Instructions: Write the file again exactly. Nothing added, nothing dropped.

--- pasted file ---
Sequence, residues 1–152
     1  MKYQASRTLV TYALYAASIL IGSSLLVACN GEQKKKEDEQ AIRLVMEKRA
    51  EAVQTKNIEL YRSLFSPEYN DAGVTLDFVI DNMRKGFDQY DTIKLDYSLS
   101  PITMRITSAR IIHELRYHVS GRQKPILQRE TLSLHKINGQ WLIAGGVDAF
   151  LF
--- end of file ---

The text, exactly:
Sequence, residues 1–152
     1  MKYQASRTLV TYALYAASIL IGSSLLVACN GEQKKKEDEQ AIRLVMEKRA
    51  EAVQTKNIEL YRSLFSPEYN DAGVTLDFVI DNMRKGFDQY DTIKLDYSLS
   101  PITMRITSAR IIHELRYHVS GRQKPILQRE TLSLHKINGQ WLIAGGVDAF
   151  LF